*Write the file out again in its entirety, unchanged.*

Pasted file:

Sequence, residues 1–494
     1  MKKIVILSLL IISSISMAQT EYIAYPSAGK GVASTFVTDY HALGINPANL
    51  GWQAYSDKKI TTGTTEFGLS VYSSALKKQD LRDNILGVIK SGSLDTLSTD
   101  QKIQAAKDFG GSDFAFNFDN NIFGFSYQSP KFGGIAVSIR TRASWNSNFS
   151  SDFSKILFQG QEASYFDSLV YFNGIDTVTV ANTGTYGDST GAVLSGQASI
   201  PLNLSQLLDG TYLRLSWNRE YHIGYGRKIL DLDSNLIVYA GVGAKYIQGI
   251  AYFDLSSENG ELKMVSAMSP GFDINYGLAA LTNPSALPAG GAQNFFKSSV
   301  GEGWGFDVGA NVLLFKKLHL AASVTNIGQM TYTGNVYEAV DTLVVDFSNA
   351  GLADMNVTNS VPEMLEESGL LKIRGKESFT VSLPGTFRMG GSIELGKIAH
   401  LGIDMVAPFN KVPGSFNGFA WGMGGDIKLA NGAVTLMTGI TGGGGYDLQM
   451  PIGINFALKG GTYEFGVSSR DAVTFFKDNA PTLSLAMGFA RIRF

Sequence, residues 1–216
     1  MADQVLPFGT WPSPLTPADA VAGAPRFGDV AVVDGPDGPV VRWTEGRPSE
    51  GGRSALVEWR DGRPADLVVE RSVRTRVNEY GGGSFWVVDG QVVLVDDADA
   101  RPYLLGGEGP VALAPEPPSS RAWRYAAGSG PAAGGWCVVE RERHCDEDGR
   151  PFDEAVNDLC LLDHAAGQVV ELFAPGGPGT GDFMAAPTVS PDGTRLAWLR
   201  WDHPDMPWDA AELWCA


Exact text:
Sequence, residues 1–494
     1  MKKIVILSLL IISSISMAQT EYIAYPSAGK GVASTFVTDY HALGINPANL
    51  GWQAYSDKKI TTGTTEFGLS VYSSALKKQD LRDNILGVIK SGSLDTLSTD
   101  QKIQAAKDFG GSDFAFNFDN NIFGFSYQSP KFGGIAVSIR TRASWNSNFS
   151  SDFSKILFQG QEASYFDSLV YFNGIDTVTV ANTGTYGDST GAVLSGQASI
   201  PLNLSQLLDG TYLRLSWNRE YHIGYGRKIL DLDSNLIVYA GVGAKYIQGI
   251  AYFDLSSENG ELKMVSAMSP GFDINYGLAA LTNPSALPAG GAQNFFKSSV
   301  GEGWGFDVGA NVLLFKKLHL AASVTNIGQM TYTGNVYEAV DTLVVDFSNA
   351  GLADMNVTNS VPEMLEESGL LKIRGKESFT VSLPGTFRMG GSIELGKIAH
   401  LGIDMVAPFN KVPGSFNGFA WGMGGDIKLA NGAVTLMTGI TGGGGYDLQM
   451  PIGINFALKG GTYEFGVSSR DAVTFFKDNA PTLSLAMGFA RIRF

Sequence, residues 1–216
     1  MADQVLPFGT WPSPLTPADA VAGAPRFGDV AVVDGPDGPV VRWTEGRPSE
    51  GGRSALVEWR DGRPADLVVE RSVRTRVNEY GGGSFWVVDG QVVLVDDADA
   101  RPYLLGGEGP VALAPEPPSS RAWRYAAGSG PAAGGWCVVE RERHCDEDGR
   151  PFDEAVNDLC LLDHAAGQVV ELFAPGGPGT GDFMAAPTVS PDGTRLAWLR
   201  WDHPDMPWDA AELWCA